Education in America has been undergoing a series of reforms, from flipped classrooms, to adopting the Common Core, the growing interest in adopting methods for teaching reading and writing following the methodology from Teachers College at Columbia University, to using the MAP test as a standardized assessment, and a growing emphasis on collecting data. When I first began taking teacher training classes at the University of California at Santa Cruz, professors there emphasized the importance of defining and developing a philosophy of education, and encouraged and challenged us as future teachers to prepare students in our classrooms to be active participants in the democratic process. Now, many years later, the question that continues to arises in my mind is what is the purpose of education? The answer to that question affects the direction we believe educational reform should take.
Last week a small group of us met with Satish Kumar, who was visiting here in Delhi, and Satish shared with us his thoughts on education. Satish Kumar is co-founder of the Schumacher College, whose motto is transformative learning for sustainable living. In a nutshell, Satish’s ideas about education are that it should be an education not just of the mind, but one that joins together the whole self in an education of the head, heart and hands. “If we don’t develop our heart qualities,” said Satish, “we can’t be proper human beings.” Learning, Satish suggests, can’t be limited to the study of math, science, and language, and shouldn’t be focused on competition in the market place, as this would make us into mere material commodities, a 9-5 clerk that performs his function day after day in endless rotation and then dies. We are more than workers, more than physical beings. Our presence counts. Relationship is based in the non-physical, non-economic world, and as Daniel Goleman describes, the emotional atmosphere of the classroom matters, and explains in his Huffington Post blog post “What Helps Kids Focus Better and Why They Need Help” that “a child’s ability to resist the temptation of distraction and stay focused predicts how she will fare financially and health-wise in adulthood. Some call it “self-control,” others “grit” or “delay of gratification.” It boils down to the tenacity to keep your eyes on your goal (or schoolwork) and resist impulse and distraction.”
Satish encourages schools to balance brain with heart and hands so that children become makers, not merely consumers. Gardening, cooking– these acts connect us to the earth and to each other, to the processes of our own lives. Learning for Satish includes book knowledge, but should also be experiential. When students learn through experiences with their hands–growing a garden, making art, they have a direct connection to the transformative power that comes through the interactive experience, and they gain knowledge at the same time. A maker is an artist, a poet, explains Satish. The root word of poesis means to make. “Every maker is a poet. ” When you’re dying, Satish suggests, you don’t wish for more days spent in the office. What is important then is what have you made with your life. There’s more to life than money and a car.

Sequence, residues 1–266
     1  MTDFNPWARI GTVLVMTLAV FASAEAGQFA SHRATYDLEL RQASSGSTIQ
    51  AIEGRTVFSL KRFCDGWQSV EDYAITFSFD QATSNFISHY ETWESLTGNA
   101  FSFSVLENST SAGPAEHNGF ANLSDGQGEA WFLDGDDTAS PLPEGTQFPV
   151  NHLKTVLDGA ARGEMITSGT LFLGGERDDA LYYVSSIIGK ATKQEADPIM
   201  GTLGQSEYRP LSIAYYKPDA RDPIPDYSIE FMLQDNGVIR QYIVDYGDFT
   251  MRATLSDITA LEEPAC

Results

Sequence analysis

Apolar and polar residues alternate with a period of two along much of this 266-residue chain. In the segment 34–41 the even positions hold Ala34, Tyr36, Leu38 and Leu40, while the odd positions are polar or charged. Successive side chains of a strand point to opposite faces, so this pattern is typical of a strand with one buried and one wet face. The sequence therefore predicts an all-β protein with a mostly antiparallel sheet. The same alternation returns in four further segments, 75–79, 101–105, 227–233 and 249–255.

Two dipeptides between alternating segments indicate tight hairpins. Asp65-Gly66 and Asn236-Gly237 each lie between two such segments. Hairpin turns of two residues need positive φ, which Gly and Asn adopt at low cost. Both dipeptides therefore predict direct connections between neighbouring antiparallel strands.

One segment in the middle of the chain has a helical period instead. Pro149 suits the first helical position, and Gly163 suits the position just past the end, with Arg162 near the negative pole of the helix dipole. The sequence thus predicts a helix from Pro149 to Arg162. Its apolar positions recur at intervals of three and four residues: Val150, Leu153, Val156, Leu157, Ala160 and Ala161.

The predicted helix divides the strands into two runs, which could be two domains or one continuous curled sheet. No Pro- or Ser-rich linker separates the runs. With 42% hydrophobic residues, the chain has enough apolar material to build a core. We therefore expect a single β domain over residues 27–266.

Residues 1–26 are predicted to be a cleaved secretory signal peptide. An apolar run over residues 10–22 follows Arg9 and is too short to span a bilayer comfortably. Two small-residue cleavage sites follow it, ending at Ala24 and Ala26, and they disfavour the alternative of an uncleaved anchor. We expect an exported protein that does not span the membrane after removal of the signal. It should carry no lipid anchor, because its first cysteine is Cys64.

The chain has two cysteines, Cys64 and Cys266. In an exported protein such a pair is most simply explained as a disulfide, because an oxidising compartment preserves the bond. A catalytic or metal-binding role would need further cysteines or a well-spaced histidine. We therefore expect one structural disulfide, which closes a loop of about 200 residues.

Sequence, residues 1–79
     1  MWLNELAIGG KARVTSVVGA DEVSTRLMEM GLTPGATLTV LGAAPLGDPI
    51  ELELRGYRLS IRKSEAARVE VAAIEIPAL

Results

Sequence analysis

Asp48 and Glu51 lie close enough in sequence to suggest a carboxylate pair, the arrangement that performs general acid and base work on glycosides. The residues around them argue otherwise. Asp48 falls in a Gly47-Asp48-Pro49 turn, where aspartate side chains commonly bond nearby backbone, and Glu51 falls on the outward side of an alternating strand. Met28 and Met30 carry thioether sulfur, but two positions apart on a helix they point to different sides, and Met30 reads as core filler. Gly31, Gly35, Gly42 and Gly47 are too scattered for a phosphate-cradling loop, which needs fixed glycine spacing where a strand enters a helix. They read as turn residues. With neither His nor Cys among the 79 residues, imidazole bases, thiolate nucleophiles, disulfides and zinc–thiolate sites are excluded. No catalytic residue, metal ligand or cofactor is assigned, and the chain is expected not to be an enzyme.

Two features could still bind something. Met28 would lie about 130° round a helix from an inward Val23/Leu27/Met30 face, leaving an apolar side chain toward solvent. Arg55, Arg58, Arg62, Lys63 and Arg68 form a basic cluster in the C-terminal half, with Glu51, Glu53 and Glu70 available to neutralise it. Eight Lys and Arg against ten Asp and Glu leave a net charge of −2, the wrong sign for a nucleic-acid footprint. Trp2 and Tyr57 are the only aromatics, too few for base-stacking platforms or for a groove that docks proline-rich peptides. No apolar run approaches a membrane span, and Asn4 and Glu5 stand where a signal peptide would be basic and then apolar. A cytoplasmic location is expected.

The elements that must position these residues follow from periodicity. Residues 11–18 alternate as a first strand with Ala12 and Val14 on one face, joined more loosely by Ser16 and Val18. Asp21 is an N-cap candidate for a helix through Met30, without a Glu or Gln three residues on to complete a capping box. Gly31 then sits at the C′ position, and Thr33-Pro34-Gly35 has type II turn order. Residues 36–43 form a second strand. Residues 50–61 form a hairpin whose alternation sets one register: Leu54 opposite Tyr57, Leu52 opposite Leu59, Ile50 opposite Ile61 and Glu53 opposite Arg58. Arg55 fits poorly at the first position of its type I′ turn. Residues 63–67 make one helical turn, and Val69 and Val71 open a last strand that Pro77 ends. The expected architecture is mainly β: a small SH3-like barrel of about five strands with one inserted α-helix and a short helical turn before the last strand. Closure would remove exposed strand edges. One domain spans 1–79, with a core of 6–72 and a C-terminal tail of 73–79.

I like the way that Satish’s view of education moves beyond quantification as the final measurement of what is valuable and what demonstrates learning and growth. It isn’t just humans who find art essential to feeling they are fully human and alive. Other animals do this as well, including bower birds and fish, as you will see if you take a look at this link. The planet is alive in the act of ongoing creation. The miracles of life are before our very eyes, but hidden because we are not looking at them. We don’t see. So what are some practical things teachers, or people in general can do to keep their souls alive? Satish suggests the following:
- Introduce silence in order to bring focus.
- Go out in nature to connect to something that broadens horizons and that nurtures deep mindfulness, expands consciousness beyond the self
- Walk in nature, the garden, walk or sit under trees, notice the connections to nature
- Move beyond being a deliverer of a result within a system to one who brings the imagination alive and inspires
- Create structures where students can pursue what they are interested in. This implies knowing how to see who they are so you can help the child to see themselves and how they can blossom. Be to the child what spring is for the cherry blossom.
“Industrialism is a new form of colonialism, and it is destroying our culture,” says Satish, and it is destroying our culture. Instead of cursing the darkness, we have to light the candle…The human spirit is stronger than industrialism.”
Life is a continuing journey of education. Most of us, I think, want to live, not merely fulfill a duty or a role. Rather than settling for an education that teaches how to fulfill a function, or an education focused on gaining and maintaining power or status in the marketplace, let’s educate for joy, so we can learn to be fully human, fully alive.